Well, this will come as no surprise, but I recently settled on the undeniable fact that I have some sort of wicked mood disorder. I'm not terribly sure the extent, and my prescription coverage at work only kicks in about a month from now, so I'm hesitant to get diagnosed until that happens (what's the point of knowing what's wrong with me when I can't do much about it?) but I often wonder... when I get into my moods (I call them having an "emotional poop"... makes it easier to get out of them using a word like "poop" to describe being utterly depressed) what is happening to me? I am, in a nutshell, not myself. I don't mean that I am who I am subconsciously-- at least I would hope not. I argue with everyone around me, think everyone is basically, in some way, out to harm me or ridicule me or otherwise betray me, and I hide away in my apartment kicking myself for the agoraphobia that is most likely a direct result of the disorder (whatever it may be).

You've probably notice me snap on the shed from time to time. Arguments become whine-fests, I find myself just simply uncomfortable, angry, and not exactly sure why. Which got me thinking: I look back on this and don't understand myself. I could love someone dearly and just simply find everything that comes out of their mouth acid, and not because of any valid argument-- not because they are saying they are cheating on me and having a blast, or enjoyed making fun of me behind my back, they might just say something that strikes me as odd and I can't picture where it came from and BAM! I have an emotional poop-- and I can feel things getting worse. Can feel those around me starting to distance themselves, like they would from the drunk puking/crying person at a party.

I've caught myself doing it, and its morbidly fascinating. Its like I'm sitting, watching myself from a lawn-chair a thousand miles away, unable to stop myself or control myself. I know to a certain degree this is normal, but it is a chain reaction... I hurt those I care about, and in turn I start feeling depressed. I lose sleep (on bad spells I get an average of about 3 hours a night for weeks to months on end), I start hiding away and not really knowing what to do or what to make of myself.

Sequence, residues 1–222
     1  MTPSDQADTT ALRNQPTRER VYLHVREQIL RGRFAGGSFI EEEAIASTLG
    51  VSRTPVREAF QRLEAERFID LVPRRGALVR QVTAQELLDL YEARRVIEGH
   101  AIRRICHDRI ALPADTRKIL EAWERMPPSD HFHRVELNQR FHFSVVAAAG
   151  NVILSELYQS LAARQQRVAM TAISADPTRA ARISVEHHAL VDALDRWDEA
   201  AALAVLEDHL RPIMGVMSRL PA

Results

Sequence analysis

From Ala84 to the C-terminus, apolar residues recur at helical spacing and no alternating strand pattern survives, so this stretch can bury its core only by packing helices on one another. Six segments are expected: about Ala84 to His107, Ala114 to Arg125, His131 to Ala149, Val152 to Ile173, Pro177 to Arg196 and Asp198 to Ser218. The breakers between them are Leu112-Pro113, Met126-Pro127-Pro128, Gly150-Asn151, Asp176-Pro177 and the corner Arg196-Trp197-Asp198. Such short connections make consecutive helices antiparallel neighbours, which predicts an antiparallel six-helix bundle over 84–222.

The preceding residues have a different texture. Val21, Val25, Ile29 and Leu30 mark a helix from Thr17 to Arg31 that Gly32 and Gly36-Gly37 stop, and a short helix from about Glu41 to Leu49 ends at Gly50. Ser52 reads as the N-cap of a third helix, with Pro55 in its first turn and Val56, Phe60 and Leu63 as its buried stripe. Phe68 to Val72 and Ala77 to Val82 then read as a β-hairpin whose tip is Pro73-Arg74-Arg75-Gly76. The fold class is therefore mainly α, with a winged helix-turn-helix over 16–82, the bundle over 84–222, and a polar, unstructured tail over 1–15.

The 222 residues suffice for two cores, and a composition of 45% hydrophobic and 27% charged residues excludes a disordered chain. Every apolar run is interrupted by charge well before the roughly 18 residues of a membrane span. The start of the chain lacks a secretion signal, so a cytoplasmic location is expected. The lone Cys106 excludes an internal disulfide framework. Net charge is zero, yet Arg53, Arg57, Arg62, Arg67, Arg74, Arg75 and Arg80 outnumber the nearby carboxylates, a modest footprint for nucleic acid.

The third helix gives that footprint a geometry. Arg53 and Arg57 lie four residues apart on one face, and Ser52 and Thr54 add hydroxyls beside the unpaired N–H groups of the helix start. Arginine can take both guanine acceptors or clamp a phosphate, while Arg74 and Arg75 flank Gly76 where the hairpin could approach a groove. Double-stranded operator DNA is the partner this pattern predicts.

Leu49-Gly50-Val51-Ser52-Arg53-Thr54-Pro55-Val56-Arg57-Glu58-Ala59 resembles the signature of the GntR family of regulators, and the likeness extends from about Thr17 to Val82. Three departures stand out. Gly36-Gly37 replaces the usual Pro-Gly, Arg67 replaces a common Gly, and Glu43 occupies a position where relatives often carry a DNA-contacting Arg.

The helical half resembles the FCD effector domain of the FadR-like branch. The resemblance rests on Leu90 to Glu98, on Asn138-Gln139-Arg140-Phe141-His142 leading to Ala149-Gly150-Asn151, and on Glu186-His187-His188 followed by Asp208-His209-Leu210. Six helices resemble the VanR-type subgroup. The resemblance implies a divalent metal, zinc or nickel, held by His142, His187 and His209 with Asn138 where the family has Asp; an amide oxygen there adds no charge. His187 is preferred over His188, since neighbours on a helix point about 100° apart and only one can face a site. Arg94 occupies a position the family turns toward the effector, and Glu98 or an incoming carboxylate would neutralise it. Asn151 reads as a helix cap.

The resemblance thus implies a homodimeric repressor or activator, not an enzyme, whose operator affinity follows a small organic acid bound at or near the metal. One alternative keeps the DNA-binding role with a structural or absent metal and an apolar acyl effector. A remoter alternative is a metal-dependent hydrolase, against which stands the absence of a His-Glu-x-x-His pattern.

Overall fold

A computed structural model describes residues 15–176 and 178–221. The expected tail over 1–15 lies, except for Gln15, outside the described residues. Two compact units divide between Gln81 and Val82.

And then I come out of it, looking at the shitty mess I've made and cursing myself the same way one would curse a puppy who shat on the floor, not with any real hate but with a severe annoyance and wish that things were different, and that there was more control in place.

I know some of you don't think my relationships have been gold. Yeah, I must admit I've taken my kicks to the groin. But I also know damn well that I've thrown my fair share of (proverbial) punches.

I've tried a few self-therapies until I get my prescription coverage. They've worked. I remember having negative thoughts, but they were only THOUGHTS, they didn't affect my mood, and it felt like I was protected by a wall that was blocking me from pain. It was wonderful. But it didn't last (St John's Wort is highly recommended, but is not a very powerful drug and is definitely under the category of "alternative medicine" meaning probably a very high level of placebo going on).

I've done a lot of research on the therapy that would make the most sense for me until I get to be myself. I most likely have what's called "Seasonal Affective Disorder" or SAD. Its a self-diagnosis, probably inaccurate as old hell (if I had the health coverage cards, I'd be taking my prozac or whatever by now and probably feeling a lot better for it) but it seems to be working to some degree. Apparently, light therapy (not sure what that is yet...) helps, along with exercise and a general good environment (read: I need to spruce up the humble abode). Problem is that it also comes, when in its spells, with a severe lack of motivation... meaning I need something STRONGER to knock me out of my "emotional poops" because otherwise, unless I catch myself, I'll dwell quite badly.